Letter by Furlan Regarding “Critique of Closure or Medical Therapy for Cryptogenic Stroke With Patent Foramen Ovale: The Hole Truth?”
To the Editor:
Thaler and Wahl1 repeatedly characterize the CLOSURE I2 trial as having gone wrong. Such moralistic (mis)characterizations betray the prevalent bias toward devices in patients with cryptogenic stroke and a patent foramen ovale (PFO). Although disappointing to some, better to say CLOSURE I failed to prove that the StarFlex device was superior to medical therapy for stroke prevention, in this particular cryptogenic population with PFO. This result is neither wrong nor right.
Wrong patient–Contrary to clinical practice, CLOSURE I used an independently adjudicated and rigorous definition of transient ischemic attack (TIA). In clinical practice, failure to use a rigorous definition of TIA can lead to inappropriate device closure of a PFO for spells unrelated to ischemia or paradoxical embolism. If by wrong, Thaler and Wahl also meant patients were randomized who were more or less likely to have paradoxical embolism that is indeed possible, that is, the population could be optimized. It is another matter altogether to demonstrate that device is superior to medical therapy even in a population optimized for paradoxical embolism.
Wrong device–Devices indeed differ. For example, the Amplatzer device being used in RESPECT has recently been cited by the Food and Drug Administration for potentially fatal erosions, which may occur several years after implantation.3 The most worriesome procedural complication seen in CLOSURE I, atrial fibrillation, has been reported with all devices. The rate of residual shunting seen at 6 months in CLOSURE I was based on independent core laboratory readings; and also residual shunting was not dramatically different from other devices reported in less reliable cohort series. Furthermore, residual shunting did not seem to play a role in recurrent neurological events.
Wrong outcome assumptions–We agree stroke is the best end point. Possibly a stroke only event driven outcome will be more informative and have sufficient power to be conclusive. We also agree that a longer follow-up or a larger sample size would be desirable (but possibly not feasible). However, in CLOSURE I, the stroke rates were identical at 2 years making it unclear how long patients would need to be followed to be confident there is no significant difference. Of note, a recent propensity observational study from Bern found no difference in stroke outcome at 9 years; the favorable outcome claimed for device was driven by (unspecified) TIA.4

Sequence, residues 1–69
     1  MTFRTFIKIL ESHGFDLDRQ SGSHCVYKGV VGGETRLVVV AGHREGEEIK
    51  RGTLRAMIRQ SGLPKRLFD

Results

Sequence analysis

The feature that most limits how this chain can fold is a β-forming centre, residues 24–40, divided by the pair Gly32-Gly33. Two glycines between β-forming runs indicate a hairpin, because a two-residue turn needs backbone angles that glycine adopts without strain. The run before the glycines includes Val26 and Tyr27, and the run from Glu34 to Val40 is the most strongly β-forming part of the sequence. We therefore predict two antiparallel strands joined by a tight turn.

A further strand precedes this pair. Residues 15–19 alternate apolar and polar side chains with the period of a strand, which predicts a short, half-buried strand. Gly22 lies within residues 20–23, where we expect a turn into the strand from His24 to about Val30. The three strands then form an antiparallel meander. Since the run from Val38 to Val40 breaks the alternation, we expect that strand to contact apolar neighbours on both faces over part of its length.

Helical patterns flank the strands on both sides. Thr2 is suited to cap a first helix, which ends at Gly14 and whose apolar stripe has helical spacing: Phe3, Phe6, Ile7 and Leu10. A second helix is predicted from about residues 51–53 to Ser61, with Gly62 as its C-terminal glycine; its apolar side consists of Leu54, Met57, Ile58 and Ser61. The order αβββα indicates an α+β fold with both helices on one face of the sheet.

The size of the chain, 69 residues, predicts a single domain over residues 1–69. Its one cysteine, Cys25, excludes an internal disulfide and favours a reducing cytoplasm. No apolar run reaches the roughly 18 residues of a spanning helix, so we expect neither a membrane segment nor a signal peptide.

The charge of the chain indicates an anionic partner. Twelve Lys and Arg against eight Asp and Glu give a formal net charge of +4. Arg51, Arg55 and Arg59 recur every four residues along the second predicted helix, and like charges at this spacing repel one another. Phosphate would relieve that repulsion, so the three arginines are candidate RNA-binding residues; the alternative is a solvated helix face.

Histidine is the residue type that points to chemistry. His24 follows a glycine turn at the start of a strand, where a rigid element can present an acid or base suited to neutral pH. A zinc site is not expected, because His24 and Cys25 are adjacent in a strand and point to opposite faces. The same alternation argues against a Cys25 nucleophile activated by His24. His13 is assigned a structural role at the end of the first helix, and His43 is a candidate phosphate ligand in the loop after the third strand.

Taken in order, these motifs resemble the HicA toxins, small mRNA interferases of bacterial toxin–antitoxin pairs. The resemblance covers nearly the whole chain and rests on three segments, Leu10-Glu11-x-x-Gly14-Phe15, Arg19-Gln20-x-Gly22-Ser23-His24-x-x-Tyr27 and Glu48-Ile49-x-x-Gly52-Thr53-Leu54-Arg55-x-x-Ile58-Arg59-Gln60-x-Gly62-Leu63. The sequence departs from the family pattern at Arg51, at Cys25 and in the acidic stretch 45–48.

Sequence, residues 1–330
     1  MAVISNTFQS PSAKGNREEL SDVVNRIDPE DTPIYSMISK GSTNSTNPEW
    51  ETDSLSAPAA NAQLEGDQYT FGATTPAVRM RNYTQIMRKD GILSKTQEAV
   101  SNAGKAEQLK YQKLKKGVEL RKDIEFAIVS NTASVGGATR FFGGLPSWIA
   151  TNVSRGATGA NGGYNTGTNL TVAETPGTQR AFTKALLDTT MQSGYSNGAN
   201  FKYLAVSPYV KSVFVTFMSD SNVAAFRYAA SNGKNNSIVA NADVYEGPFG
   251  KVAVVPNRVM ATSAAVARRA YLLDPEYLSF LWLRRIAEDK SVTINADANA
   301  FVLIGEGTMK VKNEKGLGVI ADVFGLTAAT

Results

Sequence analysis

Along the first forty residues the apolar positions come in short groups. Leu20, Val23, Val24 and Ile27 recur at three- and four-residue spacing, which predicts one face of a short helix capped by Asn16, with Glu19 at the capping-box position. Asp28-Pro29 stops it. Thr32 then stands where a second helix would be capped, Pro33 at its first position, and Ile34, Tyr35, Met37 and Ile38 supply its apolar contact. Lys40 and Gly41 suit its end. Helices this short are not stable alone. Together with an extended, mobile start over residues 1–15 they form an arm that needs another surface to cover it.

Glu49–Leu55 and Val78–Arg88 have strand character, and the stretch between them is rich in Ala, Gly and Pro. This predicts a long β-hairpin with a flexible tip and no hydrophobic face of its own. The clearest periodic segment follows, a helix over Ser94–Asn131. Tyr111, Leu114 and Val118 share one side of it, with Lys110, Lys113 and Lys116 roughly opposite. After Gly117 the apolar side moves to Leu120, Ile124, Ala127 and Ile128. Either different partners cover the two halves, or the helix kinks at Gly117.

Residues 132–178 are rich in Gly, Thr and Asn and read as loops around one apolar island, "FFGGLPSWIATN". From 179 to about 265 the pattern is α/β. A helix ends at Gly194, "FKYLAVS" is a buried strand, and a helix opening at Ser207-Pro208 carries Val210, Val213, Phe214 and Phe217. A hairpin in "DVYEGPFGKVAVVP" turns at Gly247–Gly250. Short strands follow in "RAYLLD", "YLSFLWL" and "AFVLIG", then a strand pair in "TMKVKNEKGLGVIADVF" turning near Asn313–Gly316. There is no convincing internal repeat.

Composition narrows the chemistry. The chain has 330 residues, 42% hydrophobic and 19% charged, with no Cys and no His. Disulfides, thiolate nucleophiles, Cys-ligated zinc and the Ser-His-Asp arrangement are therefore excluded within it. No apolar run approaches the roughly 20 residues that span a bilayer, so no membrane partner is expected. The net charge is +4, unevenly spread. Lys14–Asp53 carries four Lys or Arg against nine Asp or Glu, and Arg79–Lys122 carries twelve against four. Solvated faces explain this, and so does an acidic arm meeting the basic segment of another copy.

Despite disingenuous protests from some, many CLOSURE I patients possibly would have received off-label devices with no apparent benefit before this trial. CLOSURE I suggests that patient selection criteria for device closure must be restricted and more narrowly defined. Before CLOSURE I, we do not believe interventionalists were restricting device closure only to patients who met the humanitarian device exemption criteria, or who had magnetic resonance imaging demonstrated cortical infarction, or who first saw a board-certified neurologist. Would it be wrong to think reimbursement was a factor? Will Centers for Medicare & Medicaid Services require interventionalists to follow more restricted selection criteria if a device is approved? We hope the ongoing trials will build on the foundation laid by CLOSURE I and identify specific criteria for a subset of cryptogenic stroke patients who may benefit from device closure. Thaler and Wahl are right to say that no single trial provides all the answers (dangerous knowledge). But treating patients based on opinion or without considering all the evidence would be truely wrong.5
Anthony J. Furlan, MD
University Hospitals Case Medical Center
Anthony J. Furlan is principal investigator of CLOSURE I. CLOSURE I was funded by NMT Medical Boston.
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- © 2013 American Heart Association, Inc.
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